Cartoons

A cartoon is a full size, 1:1 scale drawing of a design for a stained glass window. The cartoon shows information needed by the craftsmen to create the panel. This includes where the lead lines will be, so the glass cutter knows where to cut each piece of glass, which colour each piece of glass should be, and important painted details.

The Burrell Collection has some examples of cartoons such as the one in ink on paper, below. It was made in 1592 for a Swiss heraldic panel. The outline of each piece of glass, to show where it should be cut, was marked in red ochre, and letters were used to indicate which colour of glass should be used for each piece.

Cartoon made in 1592 for a Swiss heraldic panel
Cartoon made in 1592 for a Swiss heraldic panel

A small scale design, known as a ‘vidimus’ would have been made first, to show the client for their approval before it was scaled up to full size for the cartoon. In the early medieval period, before paper became widely available, the cartoon was drawn using lead or tin on a table prepared with whitewash or chalk.  The glass would be cut to size, painted and assembled on top of the cartoon table. When the panel was finished, the table would be whitewashed over ready for the next panel, so the cartoon could not be preserved. Very few examples of these boards survive, but documentary evidence suggests they were in use up until the 14th century. As paper became more easily available it started to replace the use of tables for cartoons as the cartoon could be stored for future reference and adaption[1].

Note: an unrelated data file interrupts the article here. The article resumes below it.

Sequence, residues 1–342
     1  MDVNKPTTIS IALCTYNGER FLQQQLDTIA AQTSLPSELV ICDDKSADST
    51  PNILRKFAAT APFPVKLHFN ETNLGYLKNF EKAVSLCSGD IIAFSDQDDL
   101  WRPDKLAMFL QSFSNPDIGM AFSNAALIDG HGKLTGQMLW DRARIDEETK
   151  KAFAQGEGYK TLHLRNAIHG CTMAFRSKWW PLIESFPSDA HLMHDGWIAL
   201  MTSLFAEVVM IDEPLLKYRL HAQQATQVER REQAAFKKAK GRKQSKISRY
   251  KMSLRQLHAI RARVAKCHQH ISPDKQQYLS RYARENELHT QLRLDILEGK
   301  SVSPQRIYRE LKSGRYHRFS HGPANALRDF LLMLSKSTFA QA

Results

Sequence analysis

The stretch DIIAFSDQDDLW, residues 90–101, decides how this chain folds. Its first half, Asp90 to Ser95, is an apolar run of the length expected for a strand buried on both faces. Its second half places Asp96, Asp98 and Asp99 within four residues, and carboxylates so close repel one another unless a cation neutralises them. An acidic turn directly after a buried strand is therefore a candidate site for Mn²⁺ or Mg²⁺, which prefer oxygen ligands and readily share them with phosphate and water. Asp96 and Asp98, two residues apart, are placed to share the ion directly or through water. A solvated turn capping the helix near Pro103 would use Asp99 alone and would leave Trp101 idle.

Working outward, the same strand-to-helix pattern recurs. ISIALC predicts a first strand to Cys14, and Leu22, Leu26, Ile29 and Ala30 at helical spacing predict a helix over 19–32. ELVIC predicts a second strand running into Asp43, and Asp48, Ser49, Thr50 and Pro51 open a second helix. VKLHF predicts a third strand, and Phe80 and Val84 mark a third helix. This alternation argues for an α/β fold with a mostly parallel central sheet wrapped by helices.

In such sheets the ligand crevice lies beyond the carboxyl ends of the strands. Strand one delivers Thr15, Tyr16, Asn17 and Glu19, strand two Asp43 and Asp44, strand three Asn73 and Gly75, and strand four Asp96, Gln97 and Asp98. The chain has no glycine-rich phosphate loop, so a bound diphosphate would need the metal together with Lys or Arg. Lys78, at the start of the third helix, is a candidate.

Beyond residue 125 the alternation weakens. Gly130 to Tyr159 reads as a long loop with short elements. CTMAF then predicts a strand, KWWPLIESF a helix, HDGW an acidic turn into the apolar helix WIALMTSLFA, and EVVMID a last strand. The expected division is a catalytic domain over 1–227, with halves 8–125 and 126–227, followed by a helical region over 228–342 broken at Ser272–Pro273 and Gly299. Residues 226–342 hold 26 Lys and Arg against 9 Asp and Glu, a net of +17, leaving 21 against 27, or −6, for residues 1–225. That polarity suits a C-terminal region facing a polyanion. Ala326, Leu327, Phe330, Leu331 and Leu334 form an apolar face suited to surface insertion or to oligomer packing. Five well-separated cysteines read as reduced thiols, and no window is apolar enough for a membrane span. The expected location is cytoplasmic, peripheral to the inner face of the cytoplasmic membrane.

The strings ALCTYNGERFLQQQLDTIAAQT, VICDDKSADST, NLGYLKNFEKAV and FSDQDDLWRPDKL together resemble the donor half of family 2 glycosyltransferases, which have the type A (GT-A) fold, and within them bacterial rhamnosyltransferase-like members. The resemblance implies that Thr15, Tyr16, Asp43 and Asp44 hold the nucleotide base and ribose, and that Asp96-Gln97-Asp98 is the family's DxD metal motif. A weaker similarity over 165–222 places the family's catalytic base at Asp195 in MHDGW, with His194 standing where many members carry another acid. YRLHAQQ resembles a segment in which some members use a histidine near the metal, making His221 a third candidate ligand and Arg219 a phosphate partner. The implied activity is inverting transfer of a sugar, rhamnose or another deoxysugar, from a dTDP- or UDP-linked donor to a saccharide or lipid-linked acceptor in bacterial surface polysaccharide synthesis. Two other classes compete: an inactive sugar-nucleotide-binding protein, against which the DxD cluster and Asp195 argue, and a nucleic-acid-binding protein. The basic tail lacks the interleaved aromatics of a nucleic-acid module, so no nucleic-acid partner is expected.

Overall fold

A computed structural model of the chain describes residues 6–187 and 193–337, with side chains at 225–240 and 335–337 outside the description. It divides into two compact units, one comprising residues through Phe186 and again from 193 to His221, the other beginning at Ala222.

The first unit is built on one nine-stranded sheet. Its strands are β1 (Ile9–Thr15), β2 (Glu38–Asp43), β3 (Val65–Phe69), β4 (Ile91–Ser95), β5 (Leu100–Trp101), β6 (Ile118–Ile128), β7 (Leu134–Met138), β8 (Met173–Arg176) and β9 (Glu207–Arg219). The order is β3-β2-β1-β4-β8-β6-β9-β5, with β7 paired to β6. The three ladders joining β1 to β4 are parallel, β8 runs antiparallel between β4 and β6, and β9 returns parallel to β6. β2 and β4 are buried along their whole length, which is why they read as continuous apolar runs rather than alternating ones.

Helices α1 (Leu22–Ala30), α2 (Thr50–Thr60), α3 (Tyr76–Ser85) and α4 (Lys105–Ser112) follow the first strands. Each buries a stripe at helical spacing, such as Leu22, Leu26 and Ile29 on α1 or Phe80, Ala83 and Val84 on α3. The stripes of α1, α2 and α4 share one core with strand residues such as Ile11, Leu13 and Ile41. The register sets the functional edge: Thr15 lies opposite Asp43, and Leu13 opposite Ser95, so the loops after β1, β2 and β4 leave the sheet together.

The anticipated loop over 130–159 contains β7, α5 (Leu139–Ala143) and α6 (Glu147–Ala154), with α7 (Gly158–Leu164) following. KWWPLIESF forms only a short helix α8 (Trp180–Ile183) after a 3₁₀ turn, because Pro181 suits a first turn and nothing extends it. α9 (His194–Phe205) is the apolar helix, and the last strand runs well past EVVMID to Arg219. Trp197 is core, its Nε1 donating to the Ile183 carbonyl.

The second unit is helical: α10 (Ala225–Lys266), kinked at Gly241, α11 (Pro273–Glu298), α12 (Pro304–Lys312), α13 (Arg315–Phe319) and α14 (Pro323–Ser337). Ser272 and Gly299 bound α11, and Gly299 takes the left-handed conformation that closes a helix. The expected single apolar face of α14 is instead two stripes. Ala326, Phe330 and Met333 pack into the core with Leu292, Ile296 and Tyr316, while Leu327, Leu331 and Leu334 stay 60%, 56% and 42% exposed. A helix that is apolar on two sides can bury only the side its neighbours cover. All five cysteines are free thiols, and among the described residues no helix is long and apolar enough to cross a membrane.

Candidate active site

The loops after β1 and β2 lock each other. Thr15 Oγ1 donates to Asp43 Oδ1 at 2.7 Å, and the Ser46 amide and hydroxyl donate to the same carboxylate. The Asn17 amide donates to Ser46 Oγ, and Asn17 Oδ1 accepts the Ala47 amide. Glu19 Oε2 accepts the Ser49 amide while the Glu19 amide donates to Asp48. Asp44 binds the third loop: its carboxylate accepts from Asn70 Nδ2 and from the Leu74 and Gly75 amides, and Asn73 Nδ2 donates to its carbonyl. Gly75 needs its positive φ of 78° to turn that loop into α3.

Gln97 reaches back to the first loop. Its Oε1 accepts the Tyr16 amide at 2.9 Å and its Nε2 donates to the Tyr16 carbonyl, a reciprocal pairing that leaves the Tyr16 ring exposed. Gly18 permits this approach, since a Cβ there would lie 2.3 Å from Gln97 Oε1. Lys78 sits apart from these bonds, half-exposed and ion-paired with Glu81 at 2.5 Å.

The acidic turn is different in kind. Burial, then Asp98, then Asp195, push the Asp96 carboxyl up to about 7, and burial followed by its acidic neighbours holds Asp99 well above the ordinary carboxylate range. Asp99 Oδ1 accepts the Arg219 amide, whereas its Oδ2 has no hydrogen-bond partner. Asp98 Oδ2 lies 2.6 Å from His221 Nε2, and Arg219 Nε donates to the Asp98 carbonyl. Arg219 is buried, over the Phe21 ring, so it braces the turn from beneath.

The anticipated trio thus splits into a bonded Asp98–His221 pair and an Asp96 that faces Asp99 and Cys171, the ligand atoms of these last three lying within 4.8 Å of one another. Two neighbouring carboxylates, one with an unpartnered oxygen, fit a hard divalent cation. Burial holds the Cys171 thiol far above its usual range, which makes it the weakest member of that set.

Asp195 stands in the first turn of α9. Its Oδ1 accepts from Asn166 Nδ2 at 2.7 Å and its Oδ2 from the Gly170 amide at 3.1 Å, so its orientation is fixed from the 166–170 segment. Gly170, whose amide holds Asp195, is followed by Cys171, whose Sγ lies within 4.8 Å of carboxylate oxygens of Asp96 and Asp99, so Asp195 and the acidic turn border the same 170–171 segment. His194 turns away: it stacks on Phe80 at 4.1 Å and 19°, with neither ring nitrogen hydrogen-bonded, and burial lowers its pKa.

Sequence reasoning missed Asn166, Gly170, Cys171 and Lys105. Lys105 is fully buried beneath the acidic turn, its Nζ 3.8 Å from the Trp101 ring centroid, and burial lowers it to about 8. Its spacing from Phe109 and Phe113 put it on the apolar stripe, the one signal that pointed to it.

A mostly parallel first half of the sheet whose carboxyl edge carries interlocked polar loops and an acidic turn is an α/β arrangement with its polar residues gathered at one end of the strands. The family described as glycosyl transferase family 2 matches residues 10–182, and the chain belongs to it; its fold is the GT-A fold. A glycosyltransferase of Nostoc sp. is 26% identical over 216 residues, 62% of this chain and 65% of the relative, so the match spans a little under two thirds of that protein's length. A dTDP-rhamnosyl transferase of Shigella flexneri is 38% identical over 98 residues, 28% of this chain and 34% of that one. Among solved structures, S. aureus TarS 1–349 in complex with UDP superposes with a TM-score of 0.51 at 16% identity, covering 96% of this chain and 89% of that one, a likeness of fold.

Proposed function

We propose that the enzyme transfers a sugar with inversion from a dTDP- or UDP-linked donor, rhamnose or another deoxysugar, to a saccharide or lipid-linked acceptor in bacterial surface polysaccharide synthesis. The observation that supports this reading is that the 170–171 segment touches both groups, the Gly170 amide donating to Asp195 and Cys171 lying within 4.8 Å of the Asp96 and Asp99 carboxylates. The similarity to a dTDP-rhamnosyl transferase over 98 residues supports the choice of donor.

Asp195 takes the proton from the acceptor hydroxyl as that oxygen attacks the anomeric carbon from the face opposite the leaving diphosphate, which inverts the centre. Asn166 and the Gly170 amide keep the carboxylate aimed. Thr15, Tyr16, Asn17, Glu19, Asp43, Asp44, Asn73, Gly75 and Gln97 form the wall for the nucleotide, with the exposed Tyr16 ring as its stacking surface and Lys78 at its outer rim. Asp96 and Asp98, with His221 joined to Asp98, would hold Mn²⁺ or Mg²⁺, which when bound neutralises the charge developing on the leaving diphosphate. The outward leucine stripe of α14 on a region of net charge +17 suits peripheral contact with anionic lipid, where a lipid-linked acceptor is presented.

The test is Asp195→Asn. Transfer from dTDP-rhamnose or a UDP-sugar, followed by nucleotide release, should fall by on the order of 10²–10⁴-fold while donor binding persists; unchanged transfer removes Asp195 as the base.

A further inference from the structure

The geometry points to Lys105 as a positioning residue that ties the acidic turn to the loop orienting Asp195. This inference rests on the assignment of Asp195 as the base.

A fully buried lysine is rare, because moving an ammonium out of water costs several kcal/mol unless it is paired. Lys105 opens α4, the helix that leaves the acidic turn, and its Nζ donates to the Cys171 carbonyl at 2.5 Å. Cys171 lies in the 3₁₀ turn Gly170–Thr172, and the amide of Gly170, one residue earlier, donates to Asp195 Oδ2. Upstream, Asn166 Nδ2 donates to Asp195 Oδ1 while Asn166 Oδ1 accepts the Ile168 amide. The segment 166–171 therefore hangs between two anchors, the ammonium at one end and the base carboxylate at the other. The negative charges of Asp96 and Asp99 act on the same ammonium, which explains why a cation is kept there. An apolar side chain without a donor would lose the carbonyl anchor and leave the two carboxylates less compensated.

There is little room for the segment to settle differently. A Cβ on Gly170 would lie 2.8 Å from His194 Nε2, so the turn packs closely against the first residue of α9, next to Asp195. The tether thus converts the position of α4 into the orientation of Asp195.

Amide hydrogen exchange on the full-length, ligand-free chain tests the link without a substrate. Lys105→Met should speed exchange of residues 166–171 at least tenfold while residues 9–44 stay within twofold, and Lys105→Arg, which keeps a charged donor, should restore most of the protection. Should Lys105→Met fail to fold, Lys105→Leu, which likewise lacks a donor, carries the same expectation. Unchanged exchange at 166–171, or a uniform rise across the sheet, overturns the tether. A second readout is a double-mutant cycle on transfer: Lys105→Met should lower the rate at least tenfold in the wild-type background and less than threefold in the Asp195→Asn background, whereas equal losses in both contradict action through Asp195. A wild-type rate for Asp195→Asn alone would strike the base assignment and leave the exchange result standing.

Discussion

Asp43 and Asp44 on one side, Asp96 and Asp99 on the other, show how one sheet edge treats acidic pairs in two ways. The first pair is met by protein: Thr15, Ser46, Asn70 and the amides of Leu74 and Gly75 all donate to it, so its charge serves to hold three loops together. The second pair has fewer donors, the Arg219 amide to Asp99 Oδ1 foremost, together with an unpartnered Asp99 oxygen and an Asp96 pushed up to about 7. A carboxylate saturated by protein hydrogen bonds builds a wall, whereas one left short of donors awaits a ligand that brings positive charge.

Because of the time and skill necessary to produce a cartoon they were often re-used. When made on a table the design was often reused for other panels within the same window and simply reversed, or made to look different by using different coloured glass. As paper cartoons became more widely used they were often saved for re-use, either within a studio, passed on from glazier to glazier, or sold to another workshop. Because of this, very similar, almost identical panels can be found in different windows. The design or elements within the design were often altered slightly by reversing the image, or sections of the image, and by making small adjustments to the painted details whilst keeping most of the lead lines the same[2].

There are occasionally examples of stained glass panels in different locations which were clearly produced from the same cartoon, changing only the colour of the glass used. A good example of this is the Solomon and Sheba panel on display in the South Gallery of the Burrell Collection. The original cartoon is long since lost, but its use can be seen in another very similar panel in The Cloisters Museum, New York.

Burrell Collection Solomon and Sheba panel
Burrell Collection Solomon and Sheba panel
Cloisers Museum, NY Solomon and Sheba panel
Cloisers Museum, NY Solomon and Sheba panel

Solomon and Sheba, The Metropolitan Museum of Art, Bequest of George D. Pratt, 1935 (41.170.103). Image © The Metropolitan Museum of Art.

The upper image here is of the Burrell Collection panel and the lower is from the MetropolitanCloistersMuseum in New York. You can immediately see that they are both from the same cartoon, as the basic design is the same, but there are small differences such as the colouring of the panel, the Cloisters panel has no writing on the scroll, and the style of glass painting is slightly different.

Another example is the “Christ Carrying the Cross” panel, also on display in the South Gallery of the Burrell Collection. The layout of the design is almost identical to that of a panel depicting the same scene in Cologne Cathedral. Another two stained glass panels exist, which were also made from this cartoon, with only minor differences in colour of glass used and the paint style. One is in GreatBookhamChurch, Surrey, the other is in Cleveland Cathedral, USA.

They were all clearly made from the same cartoon, adapting the lead lines slightly and changing the colours of glass used. For example in the Burrell Collection clear glass was used for Christ’s robe, whereas blue glass was used in the Cologne Cathedral panel.